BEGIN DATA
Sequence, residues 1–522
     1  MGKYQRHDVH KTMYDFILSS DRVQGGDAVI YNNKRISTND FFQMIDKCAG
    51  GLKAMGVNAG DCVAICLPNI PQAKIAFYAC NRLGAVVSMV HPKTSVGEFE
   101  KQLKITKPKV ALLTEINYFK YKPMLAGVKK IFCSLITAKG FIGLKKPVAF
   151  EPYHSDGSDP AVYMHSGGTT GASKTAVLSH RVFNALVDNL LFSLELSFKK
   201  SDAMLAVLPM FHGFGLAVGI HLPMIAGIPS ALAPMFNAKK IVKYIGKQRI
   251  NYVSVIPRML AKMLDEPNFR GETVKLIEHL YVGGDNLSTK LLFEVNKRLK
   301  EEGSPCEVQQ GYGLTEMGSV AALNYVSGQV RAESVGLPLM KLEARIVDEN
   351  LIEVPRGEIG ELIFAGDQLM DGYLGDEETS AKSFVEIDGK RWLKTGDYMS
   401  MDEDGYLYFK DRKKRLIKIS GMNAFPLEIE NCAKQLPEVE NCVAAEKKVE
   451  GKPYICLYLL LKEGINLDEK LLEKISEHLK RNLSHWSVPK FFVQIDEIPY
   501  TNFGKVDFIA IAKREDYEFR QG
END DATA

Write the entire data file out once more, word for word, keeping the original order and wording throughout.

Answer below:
Sequence, residues 1–522
     1  MGKYQRHDVH KTMYDFILSS DRVQGGDAVI YNNKRISTND FFQMIDKCAG
    51  GLKAMGVNAG DCVAICLPNI PQAKIAFYAC NRLGAVVSMV HPKTSVGEFE
   101  KQLKITKPKV ALLTEINYFK YKPMLAGVKK IFCSLITAKG FIGLKKPVAF
   151  EPYHSDGSDP AVYMHSGGTT GASKTAVLSH RVFNALVDNL LFSLELSFKK
   201  SDAMLAVLPM FHGFGLAVGI HLPMIAGIPS ALAPMFNAKK IVKYIGKQRI
   251  NYVSVIPRML AKMLDEPNFR GETVKLIEHL YVGGDNLSTK LLFEVNKRLK
   301  EEGSPCEVQQ GYGLTEMGSV AALNYVSGQV RAESVGLPLM KLEARIVDEN
   351  LIEVPRGEIG ELIFAGDQLM DGYLGDEETS AKSFVEIDGK RWLKTGDYMS
   401  MDEDGYLYFK DRKKRLIKIS GMNAFPLEIE NCAKQLPEVE NCVAAEKKVE
   451  GKPYICLYLL LKEGINLDEK LLEKISEHLK RNLSHWSVPK FFVQIDEIPY
   501  TNFGKVDFIA IAKREDYEFR QG